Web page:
In order to strengthen environmental application of nitrate N and O isotopes, we measured the N and O isotopic fractionation associated with cellular nitrate uptake and efflux in the nitrate-assimilating marine diatom Thalassiosira weissflogii. We isolated nitrate uptake and efflux from nitrate reduction by growing the cells in the presence of tungsten, which substitutes for molybdenum in assimilatory nitrate reductase, yielding an inactive enzyme. After growth on ammonium and then N starvation, cells were exposed to nitrate. Numerical models fit to the evolution of intracellular nitrate concentration and N and O isotopic composition yielded distinct N isotope effects (15?) for nitrate uptake and nitrate efflux (2.0 ± 0.3‰ and 1.2 ± 0.4‰, respectively). The O isotope effects (18?) for nitrate uptake and nitrate efflux were indistinguishable (2.8 ± 0.6‰), yielding a ratio of O to N isotopic fractionation for uptake of 1.4 ± 0.4 and for efflux of 2.3 ± 0.9. The 15? for nitrate uptake can account for at most 40% of the organism-level N isotope effect (15?org) measured in laboratory studies of T. weissflogii and in the open ocean (typically 5‰ or greater). This observation supports previous evidence that most isotope fractionation during nitrate assimilation is due to intracellular nitrate reduction, with nitrate efflux allowing the signal to be communicated to the environment. An O to N fractionation ratio (18?org:15?org) of ˜1 has been measured for nitrate assimilation in algal cultures and linked to the N and O isotope effects of nitrate reductase. Our results suggest that the ratios of O to N fractionation for both nitrate uptake and efflux may be distinct from a ratio of 1, to a degree that could cause the net 18?org:15?org to rise appreciably above 1 when 15?org is low (e.g., yielding a ratio of 1.1 when 15?org is 5‰). However, field and culture studies have consistently measured nearly equivalent fractionation of N and O isotopes in association with low isotope effects, calling for isotopic studies of nitrate transport by other phytoplankton strains.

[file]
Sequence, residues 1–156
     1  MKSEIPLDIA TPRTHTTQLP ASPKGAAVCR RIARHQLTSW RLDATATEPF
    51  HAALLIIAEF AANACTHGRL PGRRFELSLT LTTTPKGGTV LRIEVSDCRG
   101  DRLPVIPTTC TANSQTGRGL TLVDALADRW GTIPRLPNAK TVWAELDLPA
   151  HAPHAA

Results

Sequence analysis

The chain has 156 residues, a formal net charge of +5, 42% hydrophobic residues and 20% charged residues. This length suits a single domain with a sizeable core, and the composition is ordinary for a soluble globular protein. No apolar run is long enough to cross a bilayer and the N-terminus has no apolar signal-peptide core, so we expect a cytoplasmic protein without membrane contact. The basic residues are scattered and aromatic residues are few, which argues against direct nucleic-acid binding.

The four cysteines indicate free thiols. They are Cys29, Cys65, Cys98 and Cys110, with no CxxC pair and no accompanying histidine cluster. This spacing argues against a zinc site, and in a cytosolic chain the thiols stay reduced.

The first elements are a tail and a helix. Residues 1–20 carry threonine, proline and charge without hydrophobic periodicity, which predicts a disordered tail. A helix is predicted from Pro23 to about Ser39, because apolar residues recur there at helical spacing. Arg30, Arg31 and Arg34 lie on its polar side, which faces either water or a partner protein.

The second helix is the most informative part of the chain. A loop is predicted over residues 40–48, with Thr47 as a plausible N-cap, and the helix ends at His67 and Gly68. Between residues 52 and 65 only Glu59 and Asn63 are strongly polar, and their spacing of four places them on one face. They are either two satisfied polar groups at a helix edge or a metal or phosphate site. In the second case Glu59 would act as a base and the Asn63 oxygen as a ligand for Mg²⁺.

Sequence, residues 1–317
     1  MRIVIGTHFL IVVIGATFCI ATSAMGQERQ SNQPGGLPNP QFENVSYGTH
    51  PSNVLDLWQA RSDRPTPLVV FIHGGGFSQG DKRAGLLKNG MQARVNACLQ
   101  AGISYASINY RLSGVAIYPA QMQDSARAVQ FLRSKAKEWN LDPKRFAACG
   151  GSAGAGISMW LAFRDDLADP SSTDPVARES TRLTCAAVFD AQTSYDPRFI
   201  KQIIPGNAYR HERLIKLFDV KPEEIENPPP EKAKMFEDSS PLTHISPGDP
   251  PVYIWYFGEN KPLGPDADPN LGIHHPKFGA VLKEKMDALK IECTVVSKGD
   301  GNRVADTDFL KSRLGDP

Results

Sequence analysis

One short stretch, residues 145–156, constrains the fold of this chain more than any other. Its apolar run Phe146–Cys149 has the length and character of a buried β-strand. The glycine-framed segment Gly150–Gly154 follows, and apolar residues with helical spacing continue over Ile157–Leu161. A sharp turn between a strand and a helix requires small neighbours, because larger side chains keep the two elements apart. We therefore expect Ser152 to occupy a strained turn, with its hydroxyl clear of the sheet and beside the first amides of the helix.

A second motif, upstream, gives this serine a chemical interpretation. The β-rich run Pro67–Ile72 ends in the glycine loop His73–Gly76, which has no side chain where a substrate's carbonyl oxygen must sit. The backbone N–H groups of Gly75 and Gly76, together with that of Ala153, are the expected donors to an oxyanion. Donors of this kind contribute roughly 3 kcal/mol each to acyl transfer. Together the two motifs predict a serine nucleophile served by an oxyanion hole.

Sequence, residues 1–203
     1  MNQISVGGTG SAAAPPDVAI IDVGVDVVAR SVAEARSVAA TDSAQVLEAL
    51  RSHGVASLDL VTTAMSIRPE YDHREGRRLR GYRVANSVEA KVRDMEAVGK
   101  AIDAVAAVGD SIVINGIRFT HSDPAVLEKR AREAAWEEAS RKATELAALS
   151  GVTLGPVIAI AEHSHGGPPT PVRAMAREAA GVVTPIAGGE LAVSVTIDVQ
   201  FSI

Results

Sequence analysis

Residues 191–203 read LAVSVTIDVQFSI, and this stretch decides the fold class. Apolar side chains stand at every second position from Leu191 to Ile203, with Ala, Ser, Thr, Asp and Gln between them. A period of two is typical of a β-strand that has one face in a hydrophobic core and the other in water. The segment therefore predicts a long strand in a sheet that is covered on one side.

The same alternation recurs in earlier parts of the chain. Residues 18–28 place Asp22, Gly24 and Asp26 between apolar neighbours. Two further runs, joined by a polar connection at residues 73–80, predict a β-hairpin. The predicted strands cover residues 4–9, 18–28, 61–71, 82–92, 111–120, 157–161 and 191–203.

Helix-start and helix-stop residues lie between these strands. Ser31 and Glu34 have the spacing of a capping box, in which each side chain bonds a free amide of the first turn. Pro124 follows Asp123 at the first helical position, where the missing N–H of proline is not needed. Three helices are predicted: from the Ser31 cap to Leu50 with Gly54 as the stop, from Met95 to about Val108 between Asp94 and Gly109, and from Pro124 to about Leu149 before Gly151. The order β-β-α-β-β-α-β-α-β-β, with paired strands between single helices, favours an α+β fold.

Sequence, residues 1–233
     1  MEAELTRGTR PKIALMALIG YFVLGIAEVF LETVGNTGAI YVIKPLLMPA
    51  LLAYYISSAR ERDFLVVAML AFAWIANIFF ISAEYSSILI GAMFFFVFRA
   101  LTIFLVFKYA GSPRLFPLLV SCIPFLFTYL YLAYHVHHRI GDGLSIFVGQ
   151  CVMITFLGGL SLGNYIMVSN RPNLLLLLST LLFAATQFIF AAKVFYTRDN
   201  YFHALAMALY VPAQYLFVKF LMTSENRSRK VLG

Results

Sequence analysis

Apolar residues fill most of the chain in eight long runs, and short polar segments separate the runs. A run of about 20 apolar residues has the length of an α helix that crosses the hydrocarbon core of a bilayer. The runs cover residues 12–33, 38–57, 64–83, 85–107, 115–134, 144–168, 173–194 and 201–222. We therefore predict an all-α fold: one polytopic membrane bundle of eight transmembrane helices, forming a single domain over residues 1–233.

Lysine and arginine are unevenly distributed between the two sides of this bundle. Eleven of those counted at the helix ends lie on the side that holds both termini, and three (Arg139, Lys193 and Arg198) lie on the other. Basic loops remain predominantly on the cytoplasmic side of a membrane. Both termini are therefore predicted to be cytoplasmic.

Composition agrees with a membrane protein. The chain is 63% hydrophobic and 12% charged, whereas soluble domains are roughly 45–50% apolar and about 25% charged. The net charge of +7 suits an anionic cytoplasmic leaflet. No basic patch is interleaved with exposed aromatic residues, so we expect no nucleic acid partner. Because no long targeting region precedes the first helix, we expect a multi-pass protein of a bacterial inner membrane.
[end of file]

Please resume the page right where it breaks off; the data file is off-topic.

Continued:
Karsh, K. L.; Trull, T. W.; Sigman, D. M.; Thompson, P. A.; Granger, J.

2014-05-01

242

21 CFR 172.170 - Sodium nitrate.  

Code of Federal Regulations, 2013 CFR

...HUMAN CONSUMPTION (CONTINUED) FOOD ADDITIVES PERMITTED FOR DIRECT ADDITION TO FOOD...172.170 Sodium nitrate. The food additive sodium nitrate may be safely used in...product. (b) To assure safe use of the additive, in addition to the other...

2013-04-01

243

Desensitizer for N-Propyl Nitrate.  

National Technical Information Service (NTIS)